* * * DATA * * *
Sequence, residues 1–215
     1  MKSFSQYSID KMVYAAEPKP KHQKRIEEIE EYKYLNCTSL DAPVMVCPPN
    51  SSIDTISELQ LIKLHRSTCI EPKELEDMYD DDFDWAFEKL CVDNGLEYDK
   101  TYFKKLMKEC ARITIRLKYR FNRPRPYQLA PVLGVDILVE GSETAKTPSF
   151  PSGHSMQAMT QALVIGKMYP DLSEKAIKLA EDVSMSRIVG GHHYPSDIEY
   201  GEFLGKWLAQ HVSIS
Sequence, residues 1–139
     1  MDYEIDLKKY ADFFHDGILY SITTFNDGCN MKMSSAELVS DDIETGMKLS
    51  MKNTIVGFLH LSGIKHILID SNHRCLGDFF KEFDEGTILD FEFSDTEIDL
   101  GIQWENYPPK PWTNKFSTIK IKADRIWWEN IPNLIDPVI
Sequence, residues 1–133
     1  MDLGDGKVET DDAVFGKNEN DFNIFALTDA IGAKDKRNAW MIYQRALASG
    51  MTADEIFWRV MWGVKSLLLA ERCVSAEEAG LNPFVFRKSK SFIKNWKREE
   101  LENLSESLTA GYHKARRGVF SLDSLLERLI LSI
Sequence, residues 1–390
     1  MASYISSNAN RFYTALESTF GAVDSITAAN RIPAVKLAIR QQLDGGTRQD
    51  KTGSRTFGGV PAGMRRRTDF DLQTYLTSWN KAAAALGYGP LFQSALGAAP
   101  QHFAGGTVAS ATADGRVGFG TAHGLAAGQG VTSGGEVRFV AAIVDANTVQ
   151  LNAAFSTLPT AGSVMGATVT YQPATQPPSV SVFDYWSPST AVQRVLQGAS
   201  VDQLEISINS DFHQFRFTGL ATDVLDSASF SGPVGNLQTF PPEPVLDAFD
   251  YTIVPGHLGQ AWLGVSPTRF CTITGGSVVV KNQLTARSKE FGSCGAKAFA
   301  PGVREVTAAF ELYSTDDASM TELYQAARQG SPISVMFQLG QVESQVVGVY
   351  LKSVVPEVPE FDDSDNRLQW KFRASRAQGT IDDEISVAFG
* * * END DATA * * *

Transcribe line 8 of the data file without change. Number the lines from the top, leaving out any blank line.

     1  MDYEIDLKKY ADFFHDGILY SITTFNDGCN MKMSSAELVS DDIETGMKLS